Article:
According to European legislation, transmission system operators must keep the sector informed of the transition to a 15-minute imbalance settlement period and ensure that there are no delays to the schedule. In order to share information and accelerate change, Fingrid set up a reference group, which market parties are comprehensively represented. The other Nordic countries have followed suit.

At present, Fingrid is waiting for the authorities to respond to its request to postpone the go-live date of the 15-minute imbalance settlement period until spring 2023. Similar requests have been submitted in the other Nordic countries.

Reserve markets in transformation

The Nordic Balancing Model involves building common Nordic reserve markets for the frequency restoration reserves needed for balancing; both automatic and manual reserves. Nordic marketplaces enable less expensive resources to be used as reserves. Although every transmission system operator defines the balancing power it requires in its own area, the reserves used for balancing can be activated optimally via common markets.

The expansion of reserve markets into a European entity will create new opportunities for reserve trading.

“The guideline for electricity balancing sets the constraints for reserve markets. In the future, orders and trading related to frequency restoration reserves will be made for specific bidding areas in European marketplaces. This will also require entirely new operating models, and each transmission system operator will take responsibility for its own bidding areas,” says Asta Sihvonen-Punkka.

As Finland transitions to the new balancing model, there will be a greater need for automatic frequency restoration reserves.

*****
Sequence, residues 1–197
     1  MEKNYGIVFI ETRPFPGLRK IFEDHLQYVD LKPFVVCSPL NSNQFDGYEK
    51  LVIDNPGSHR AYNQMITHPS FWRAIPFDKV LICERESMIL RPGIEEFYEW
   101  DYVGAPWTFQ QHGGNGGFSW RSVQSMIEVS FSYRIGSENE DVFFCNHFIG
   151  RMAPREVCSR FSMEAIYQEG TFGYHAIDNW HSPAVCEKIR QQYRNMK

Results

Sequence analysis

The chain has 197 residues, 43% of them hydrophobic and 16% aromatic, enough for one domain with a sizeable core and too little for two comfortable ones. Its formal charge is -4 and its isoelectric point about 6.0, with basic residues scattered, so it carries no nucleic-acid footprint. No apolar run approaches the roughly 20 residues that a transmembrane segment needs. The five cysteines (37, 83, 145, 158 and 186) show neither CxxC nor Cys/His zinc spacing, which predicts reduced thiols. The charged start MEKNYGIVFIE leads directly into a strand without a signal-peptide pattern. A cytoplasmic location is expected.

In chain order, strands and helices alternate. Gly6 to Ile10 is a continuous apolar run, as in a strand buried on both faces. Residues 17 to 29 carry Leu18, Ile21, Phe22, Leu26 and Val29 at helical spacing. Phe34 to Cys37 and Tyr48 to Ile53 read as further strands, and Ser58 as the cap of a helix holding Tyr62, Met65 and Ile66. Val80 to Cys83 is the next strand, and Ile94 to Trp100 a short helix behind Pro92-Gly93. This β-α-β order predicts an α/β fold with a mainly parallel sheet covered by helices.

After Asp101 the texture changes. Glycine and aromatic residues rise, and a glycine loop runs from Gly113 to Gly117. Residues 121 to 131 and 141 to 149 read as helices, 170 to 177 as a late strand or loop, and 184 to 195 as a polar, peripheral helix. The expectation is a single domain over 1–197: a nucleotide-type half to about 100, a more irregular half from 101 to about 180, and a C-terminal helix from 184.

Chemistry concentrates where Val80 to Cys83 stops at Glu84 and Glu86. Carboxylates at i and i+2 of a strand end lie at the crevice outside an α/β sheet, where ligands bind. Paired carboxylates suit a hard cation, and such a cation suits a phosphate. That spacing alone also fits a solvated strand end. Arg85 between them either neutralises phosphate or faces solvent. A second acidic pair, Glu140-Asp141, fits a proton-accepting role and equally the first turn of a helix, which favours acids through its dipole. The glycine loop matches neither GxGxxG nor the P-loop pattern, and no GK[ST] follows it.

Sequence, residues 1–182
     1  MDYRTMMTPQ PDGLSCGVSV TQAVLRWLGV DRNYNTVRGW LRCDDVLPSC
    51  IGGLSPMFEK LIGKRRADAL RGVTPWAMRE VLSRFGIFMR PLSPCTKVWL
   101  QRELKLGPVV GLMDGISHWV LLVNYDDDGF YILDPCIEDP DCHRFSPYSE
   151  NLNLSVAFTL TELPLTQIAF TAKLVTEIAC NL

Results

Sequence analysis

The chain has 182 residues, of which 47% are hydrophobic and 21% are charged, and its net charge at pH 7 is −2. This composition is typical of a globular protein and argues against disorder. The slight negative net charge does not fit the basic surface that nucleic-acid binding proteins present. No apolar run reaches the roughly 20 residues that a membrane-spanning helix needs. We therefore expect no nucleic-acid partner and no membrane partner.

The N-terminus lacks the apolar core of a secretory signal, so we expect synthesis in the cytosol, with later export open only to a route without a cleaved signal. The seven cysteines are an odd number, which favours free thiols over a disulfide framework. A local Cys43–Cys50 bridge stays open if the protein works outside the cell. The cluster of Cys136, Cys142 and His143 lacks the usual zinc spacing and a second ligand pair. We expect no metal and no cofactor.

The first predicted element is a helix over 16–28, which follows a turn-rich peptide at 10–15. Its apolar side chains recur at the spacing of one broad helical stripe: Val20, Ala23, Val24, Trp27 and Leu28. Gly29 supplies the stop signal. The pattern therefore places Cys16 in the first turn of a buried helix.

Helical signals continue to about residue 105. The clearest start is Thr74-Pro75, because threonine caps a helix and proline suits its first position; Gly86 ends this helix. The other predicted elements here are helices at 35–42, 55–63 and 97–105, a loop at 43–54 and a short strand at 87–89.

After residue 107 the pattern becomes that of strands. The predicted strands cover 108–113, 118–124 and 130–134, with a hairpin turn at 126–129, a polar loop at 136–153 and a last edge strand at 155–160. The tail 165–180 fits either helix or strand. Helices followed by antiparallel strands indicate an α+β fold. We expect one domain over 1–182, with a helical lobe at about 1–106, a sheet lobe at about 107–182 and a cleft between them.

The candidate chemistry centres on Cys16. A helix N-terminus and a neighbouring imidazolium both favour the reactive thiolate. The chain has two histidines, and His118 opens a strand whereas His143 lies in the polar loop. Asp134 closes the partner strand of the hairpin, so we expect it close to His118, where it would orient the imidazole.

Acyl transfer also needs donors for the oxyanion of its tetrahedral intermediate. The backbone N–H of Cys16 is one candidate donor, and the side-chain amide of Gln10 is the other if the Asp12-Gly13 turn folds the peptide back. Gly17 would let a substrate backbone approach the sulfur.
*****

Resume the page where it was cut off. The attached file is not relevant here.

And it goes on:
More responsibility for Fingrid’s main grid control centre

The Nordic Balancing Model is transforming the activities of Fingrid’s main grid control centre.

Fingrid’s main grid control centre has three basic duties: managing the power system, managing the grid, and balance management. The last of these will be fundamentally transformed.

When Finland handles the balancing of the power system in its bidding area itself, it will mean in practice that Fingrid’s operators and control centre will have a greater responsibility for balancing. The frequency must remain constant at 50 hertz, which means that there is as much consumption as generation in the system.

Alongside the new responsibilities, the cycle of operators’ work will also change. At present, balance management operators work in hour-long periods. One hour is enough for an operator to exercise their own discretion and use the present tools to analyse and evaluate the measures required to manage the frequency. However, when the system switches to a 15-minute imbalance settlement period, the number of periods will increase fourfold, so it will be impossible to take the necessary balancing measures using present methods.

“We are striving to increase the level of automation in balancing operations, so the quality of information systems will be crucial,” says Maarit Uusitalo, Control Centre Manager.

However, she points out that some kind of back-up will be needed – the option for manual control must always be there just in case.

Saku Poikonen, Specialist, is excited about the change in his work:

“We have the opportunity to influence what our work and the work of our colleagues will be like in the future. It feels really interesting. It would normally be necessary to switch to an entirely different job in order to be able to take part and implement so many changes,” he says.

He is not worried about the future, although there are some concerns about the transitional phase, as everything needs to work flawlessly, including during the transition.